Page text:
Altrio Communications Inc. officials said they're still actively shopping their operation, but any buyer will have to deal with critics who've been administratively dogging the company, and limits set by state utility regulators on its ability to expand.
Activists, including the Pasadena Neighborhood Coalition, have been monitoring and challenging Altrio since the day the competitive cable, telephony and high-speed data provider began its buildout. Although Altrio has franchises to serve several suburban communities — including Altadena, Arcadia, Sierra Madre and Monrovia — the bulk of its build, and most customers, are in Pasadena.
Activists began legal and administrative protests after Pasadena granted the franchise.
They've asserted that the city improperly approved the pact without full review of the environmental impact of a secondary telecommunications provider.
The coalition is very protective of city property values and wary of potential blight. What the group wanted most was a declaration that Altrio would place its large, natural gas-powered backup generators only in commercial areas.
They also sought a requirement requiring Altrio to use backyard poles in cases where utility poles are situated in both the front and back yards, said coalition attorney Anita Taff-Rice of the Bowen Law Group.
Altrio began its build in 2001 with authorization for a limited facilities-based telephony operation. That means the company could only use existing infrastructure to deliver telephone service.
The limited permit was sought because at the time, the California Public Utilities Commission was considering whether new entrants should be subjected to a full review under the California Environmental Quality Act. Rather than be stalled with all the other pending applications, Altrio accepted the limited operating authority, with an application for full facilities-based authority still pending with the CPUC.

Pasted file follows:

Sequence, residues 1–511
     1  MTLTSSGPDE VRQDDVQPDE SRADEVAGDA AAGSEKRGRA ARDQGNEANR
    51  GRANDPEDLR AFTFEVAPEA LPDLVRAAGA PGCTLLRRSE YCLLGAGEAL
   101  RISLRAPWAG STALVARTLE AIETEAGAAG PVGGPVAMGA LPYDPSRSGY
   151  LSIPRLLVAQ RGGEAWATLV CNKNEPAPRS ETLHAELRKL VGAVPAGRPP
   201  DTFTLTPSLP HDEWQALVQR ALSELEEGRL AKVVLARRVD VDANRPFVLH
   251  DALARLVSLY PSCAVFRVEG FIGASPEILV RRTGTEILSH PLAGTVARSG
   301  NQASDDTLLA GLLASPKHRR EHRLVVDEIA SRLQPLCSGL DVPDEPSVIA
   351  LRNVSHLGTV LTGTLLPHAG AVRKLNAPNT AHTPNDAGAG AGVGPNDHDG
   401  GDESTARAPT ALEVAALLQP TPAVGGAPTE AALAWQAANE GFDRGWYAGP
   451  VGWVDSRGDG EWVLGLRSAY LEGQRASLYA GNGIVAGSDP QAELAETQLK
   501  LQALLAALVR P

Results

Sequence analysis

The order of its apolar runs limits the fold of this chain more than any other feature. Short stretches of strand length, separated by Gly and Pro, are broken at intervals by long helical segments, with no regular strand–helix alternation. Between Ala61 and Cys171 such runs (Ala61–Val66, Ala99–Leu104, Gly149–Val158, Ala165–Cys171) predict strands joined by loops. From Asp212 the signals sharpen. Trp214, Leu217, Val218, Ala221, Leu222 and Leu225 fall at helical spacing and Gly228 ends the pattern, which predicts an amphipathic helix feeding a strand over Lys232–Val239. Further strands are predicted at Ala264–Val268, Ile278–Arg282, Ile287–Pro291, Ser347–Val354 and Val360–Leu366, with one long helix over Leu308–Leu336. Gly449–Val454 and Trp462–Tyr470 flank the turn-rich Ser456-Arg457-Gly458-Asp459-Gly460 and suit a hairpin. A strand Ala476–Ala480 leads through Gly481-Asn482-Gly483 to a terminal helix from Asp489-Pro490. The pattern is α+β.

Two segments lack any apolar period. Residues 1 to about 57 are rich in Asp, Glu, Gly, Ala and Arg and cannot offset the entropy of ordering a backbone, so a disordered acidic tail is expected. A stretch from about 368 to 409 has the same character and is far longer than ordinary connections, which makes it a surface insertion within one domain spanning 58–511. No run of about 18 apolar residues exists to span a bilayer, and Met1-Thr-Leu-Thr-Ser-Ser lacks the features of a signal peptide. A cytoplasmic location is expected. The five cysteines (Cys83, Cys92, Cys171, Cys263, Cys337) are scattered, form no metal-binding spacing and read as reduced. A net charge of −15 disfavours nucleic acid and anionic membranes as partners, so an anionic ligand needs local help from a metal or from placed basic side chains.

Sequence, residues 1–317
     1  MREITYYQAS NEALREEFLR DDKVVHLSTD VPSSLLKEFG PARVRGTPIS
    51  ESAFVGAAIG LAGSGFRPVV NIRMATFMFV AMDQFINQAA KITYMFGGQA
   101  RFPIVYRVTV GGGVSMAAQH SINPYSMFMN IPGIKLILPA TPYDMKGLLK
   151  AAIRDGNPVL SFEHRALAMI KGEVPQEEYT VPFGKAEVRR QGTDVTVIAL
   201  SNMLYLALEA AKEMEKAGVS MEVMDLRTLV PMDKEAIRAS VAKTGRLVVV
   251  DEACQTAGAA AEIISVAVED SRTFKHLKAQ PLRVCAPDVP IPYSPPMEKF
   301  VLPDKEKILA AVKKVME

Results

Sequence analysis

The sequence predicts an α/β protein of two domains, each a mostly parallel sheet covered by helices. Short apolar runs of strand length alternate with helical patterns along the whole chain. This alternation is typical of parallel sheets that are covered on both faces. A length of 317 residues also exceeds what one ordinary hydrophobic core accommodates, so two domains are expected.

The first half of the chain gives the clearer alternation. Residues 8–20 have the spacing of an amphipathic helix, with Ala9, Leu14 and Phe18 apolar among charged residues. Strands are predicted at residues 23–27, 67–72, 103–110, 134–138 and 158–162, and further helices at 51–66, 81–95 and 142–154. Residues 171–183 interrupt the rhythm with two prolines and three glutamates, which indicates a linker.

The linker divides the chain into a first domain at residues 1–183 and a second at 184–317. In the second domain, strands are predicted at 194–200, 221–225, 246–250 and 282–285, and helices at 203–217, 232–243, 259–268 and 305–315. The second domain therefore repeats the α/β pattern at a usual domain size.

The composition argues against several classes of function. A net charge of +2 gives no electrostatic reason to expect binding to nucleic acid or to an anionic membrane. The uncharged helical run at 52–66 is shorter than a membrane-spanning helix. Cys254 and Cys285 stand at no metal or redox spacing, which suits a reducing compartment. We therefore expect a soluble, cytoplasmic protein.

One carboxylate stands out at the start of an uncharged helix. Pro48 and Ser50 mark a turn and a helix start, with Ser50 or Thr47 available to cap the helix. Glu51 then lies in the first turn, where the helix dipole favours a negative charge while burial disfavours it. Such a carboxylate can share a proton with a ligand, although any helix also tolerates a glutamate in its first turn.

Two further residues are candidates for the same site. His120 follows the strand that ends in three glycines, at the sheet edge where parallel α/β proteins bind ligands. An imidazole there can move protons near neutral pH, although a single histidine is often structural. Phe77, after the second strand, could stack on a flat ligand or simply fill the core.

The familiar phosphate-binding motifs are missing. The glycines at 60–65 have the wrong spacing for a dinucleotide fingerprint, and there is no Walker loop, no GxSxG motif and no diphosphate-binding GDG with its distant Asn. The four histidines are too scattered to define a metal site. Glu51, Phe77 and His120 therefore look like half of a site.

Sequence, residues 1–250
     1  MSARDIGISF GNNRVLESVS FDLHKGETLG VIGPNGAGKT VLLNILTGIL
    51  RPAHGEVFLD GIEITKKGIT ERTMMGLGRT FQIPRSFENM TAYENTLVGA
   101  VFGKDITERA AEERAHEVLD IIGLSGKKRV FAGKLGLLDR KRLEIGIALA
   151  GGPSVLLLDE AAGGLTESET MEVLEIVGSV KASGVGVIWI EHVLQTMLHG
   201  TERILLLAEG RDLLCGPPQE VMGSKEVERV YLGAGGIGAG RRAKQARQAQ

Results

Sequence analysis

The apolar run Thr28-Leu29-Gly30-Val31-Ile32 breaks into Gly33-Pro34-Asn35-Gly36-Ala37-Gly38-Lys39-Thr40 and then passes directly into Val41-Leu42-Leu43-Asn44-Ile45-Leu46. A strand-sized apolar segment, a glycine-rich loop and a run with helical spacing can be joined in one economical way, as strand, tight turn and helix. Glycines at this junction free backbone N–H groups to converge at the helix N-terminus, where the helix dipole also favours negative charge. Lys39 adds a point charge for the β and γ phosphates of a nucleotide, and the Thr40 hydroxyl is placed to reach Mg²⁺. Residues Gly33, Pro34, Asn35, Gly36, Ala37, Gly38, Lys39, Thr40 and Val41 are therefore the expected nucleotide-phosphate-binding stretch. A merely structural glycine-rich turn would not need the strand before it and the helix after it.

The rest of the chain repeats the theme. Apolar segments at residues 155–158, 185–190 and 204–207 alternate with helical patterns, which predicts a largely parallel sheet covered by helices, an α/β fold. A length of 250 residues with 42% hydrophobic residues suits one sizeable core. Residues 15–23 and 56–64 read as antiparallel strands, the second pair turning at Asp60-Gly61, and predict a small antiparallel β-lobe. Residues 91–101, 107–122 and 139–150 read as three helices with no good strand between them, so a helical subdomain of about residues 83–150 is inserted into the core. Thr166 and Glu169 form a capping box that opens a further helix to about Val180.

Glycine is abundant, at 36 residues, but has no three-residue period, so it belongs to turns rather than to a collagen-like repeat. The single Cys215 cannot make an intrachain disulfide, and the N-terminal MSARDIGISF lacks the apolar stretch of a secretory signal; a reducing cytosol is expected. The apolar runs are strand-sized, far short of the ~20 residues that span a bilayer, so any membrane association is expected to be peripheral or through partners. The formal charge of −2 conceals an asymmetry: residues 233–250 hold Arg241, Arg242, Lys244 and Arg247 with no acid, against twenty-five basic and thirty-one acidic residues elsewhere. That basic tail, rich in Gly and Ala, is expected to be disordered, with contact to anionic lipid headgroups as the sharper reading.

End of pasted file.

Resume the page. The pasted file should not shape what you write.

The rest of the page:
But as Altrio launched its business, the activists took note of the placement of generators, trenching and other activities and filed a complaint with the state commission, alleging that Altrio violated its terms of operation by building infrastructure.
As a result, the CPUC has now rendered two rulings regarding Altrio's operations. In December, an administrative law judge ruled that the company had violated the terms of its limited telephony authority and ordered that the operator sign up no new customers.
But before that order was issued, the CPUC in November acted on an amended petition by Altrio for full facilities-based operating authority.
The original application was for statewide authority, but the amended application asked for authority just in Pasadena — which was approved.
Regulators also specifically denied full facilities-based operating authority beyond the city of Pasadena.
Though the full facilities application was a public docket, the Pasadena Neighborhood Coalition did not contest the application, Altrio CEO Dave Rozzelle noted.
But Taff-Rice said she has asked the commission to reconsider the full facilities approval based on the CUPC's concerns about the validity of the environmental waiver.
Meanwhile, one proposal has been submitted to Altrio's board of directors. Rozzelle said. The overbuilder told franchisers in December that it intended to sell its bundled-services operation.
"The process is active," said Rozzelle, who added that he hopes for more offers.